“Concerning ‘Ruby, I remember writing that song in our little apartment on a Wurlitzer piano when we were both still in college,” Whalum says. “We have an empty nest now, but after all these years, it's nice to think I wrote this song for my girlfriend, who is now my wife and the mother of my children. I start the album even further back, with a song I never recorded that I wrote for my daughter ‘Courtney,’ who was a baby then but is now 29! It was fun finding fresh vibes for ‘Glow’ and ‘The Wave’ with Philippe and ‘Afterthought’ with Rex as well. But the real joy of this project hands down was working with the whole family. For me, this brings the trip home both literally and spiritually.
“When I hear my nephew Kenneth play and watch him soak in everything and memorize old Coltrane solos,” he adds, “I realize he’s starting on the journey I’ve been on for 36 years now. When I was his age, I was hanging out in Nice, France in James Moody’s hotel room, asking the master to show me how it’s done. If we ever get to the point where jazz is just a product to be sold, this cross-generational magic will be lost. I’m here to make sure it survives.”
Whalum purists who would rather hear his classic hits as they were done back in the day will enjoy Ultimate Kirk Whalum, a newly released Mosaic Contemporary collection of 12 gems from his career that includes the still vivacious original versions of “Desperately” and “The Wave.” The disc was compiled and produced by Matt Pierson, former VP of Jazz at Warner Bros. who guided Whalum to his greatest creative and commercial heights on that label in the late 90s.
Always willing to help out a brilliantly talented labelmate, Whalum brings his rich, urgent tenor color to the bluesy, Ramsey Lewis-styled “Juicy,” one of the best tracks on Above The Clouds, pianist and keyboardist Brian Simpson’s exuberant second release on Rendezvous. A familiar presence to genre fans for years as music director for Dave Koz and the ringleader on many of the recent popular smooth jazz cruises, Simpson broke out as a solo artist in 2005 with It’s All Good. The disc’s title track hit #1 on the Radio & Records Airplay chart and remained in the Top 5 for four months; his follow-up single “Saturday Cool” went Top 15. The first single from Above The Clouds is the similarly happy “What Cha Gonna Do?” but Simpson has a lot of more significant, deeper expressions to offer, including the title track (essentially a duet with George Duke’s vibes and mini-Moog), the haunting meditation “Memories Of You” and the soulful acoustic quartet closer “That’s Right,” featuring some parting tenor genius from the late, great Michael Brecker.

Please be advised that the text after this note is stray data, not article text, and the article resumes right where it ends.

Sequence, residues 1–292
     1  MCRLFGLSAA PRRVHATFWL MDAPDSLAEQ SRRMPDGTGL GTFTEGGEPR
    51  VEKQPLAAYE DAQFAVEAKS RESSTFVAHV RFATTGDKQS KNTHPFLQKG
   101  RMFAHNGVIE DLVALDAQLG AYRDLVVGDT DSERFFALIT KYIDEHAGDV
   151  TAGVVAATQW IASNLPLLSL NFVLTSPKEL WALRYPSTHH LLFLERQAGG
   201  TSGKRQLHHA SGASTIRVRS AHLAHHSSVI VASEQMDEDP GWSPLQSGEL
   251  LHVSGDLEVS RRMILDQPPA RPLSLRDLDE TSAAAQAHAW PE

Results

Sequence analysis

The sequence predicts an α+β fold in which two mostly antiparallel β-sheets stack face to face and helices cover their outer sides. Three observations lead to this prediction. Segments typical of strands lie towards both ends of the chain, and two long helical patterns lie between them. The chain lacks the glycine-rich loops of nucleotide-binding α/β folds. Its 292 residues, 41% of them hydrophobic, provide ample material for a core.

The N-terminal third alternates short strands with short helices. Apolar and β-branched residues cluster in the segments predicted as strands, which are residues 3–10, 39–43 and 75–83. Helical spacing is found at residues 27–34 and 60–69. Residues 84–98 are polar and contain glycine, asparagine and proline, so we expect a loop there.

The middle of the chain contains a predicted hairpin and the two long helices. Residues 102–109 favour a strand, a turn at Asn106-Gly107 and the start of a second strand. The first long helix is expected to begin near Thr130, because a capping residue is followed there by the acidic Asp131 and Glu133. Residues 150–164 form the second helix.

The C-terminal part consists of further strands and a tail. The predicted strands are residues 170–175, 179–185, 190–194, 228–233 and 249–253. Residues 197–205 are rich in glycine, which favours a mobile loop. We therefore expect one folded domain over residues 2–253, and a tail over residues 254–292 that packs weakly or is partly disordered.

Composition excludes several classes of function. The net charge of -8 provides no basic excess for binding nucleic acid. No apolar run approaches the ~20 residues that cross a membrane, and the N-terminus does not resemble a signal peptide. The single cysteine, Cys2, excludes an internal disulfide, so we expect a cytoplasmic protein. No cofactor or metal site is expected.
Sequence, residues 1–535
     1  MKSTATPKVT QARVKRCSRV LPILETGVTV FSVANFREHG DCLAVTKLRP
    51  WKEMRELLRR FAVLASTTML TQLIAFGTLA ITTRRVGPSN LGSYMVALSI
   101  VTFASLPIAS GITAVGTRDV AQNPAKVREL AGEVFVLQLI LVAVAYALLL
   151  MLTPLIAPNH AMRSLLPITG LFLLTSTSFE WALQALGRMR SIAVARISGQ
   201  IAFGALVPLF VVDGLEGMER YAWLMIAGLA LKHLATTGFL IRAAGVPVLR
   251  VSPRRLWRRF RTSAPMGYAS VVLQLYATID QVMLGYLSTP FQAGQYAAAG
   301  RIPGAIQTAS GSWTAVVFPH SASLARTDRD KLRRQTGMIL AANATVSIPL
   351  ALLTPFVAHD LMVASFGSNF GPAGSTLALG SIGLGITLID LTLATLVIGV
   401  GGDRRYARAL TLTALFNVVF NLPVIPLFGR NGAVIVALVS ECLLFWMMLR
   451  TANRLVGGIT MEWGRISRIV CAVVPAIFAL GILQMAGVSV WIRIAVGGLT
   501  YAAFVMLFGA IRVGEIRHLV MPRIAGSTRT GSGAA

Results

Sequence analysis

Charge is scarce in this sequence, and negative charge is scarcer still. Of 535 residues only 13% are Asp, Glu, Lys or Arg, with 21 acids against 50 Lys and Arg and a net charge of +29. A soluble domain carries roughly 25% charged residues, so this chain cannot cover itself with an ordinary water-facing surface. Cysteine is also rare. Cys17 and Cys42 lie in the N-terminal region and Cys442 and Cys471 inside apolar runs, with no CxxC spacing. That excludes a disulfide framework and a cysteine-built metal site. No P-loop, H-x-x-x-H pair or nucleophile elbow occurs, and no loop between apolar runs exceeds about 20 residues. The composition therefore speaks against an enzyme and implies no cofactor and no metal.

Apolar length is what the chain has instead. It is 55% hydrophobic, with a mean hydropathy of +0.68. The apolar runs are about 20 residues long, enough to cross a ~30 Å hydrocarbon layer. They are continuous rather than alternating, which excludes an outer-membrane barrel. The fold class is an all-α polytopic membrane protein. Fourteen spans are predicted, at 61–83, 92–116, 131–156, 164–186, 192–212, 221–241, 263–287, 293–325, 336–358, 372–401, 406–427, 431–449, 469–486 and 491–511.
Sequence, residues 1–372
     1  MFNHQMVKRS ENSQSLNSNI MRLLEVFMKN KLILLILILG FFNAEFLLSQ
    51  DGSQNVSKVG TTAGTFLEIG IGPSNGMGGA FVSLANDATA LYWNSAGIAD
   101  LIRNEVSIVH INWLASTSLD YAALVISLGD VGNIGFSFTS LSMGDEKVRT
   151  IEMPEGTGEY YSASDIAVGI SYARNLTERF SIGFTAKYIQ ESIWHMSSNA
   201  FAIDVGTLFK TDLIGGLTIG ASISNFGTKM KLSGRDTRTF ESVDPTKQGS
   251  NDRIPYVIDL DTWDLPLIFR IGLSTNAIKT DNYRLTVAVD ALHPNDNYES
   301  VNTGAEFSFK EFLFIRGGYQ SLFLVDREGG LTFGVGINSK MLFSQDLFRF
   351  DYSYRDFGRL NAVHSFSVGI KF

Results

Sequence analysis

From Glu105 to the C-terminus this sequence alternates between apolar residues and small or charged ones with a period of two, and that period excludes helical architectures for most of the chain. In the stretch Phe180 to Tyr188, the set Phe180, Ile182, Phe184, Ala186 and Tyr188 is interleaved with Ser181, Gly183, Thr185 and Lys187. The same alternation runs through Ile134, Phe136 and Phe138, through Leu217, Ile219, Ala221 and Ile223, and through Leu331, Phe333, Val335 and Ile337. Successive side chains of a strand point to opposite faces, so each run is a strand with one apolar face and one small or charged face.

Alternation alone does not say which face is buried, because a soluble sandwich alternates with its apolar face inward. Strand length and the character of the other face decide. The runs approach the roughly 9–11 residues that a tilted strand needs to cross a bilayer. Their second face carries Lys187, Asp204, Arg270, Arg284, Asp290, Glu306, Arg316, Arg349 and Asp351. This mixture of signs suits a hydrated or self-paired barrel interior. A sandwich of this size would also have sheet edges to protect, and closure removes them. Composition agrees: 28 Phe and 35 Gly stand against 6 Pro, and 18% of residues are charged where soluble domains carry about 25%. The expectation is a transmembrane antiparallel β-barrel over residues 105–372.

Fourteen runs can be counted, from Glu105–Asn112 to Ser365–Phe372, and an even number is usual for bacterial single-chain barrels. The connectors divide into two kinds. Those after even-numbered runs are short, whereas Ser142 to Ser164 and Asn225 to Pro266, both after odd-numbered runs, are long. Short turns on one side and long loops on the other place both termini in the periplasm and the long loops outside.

1) Lalo Schifrin & Friends (Aleph Records) – The legendary pianist and film composer — who just scored Rush Hour 3! - gets back to his traditional jazz roots with this thoughtful and vibrant, highly improvisational jam session of classics and originals with a spirited all-star ensemble of Brian Bromberg, Alex Acuna, Dennis Budumir, James Morrison and the great James Moody.
2) Suzy Bogguss, Sweet Danger (LDR Records)
3) Les Sabler, Sweet Drive (The Music Force Media Group)
4) Jim Brickman, Homecoming (SLG Music)
5) Peabo Bryson, Missing You (Peak Records)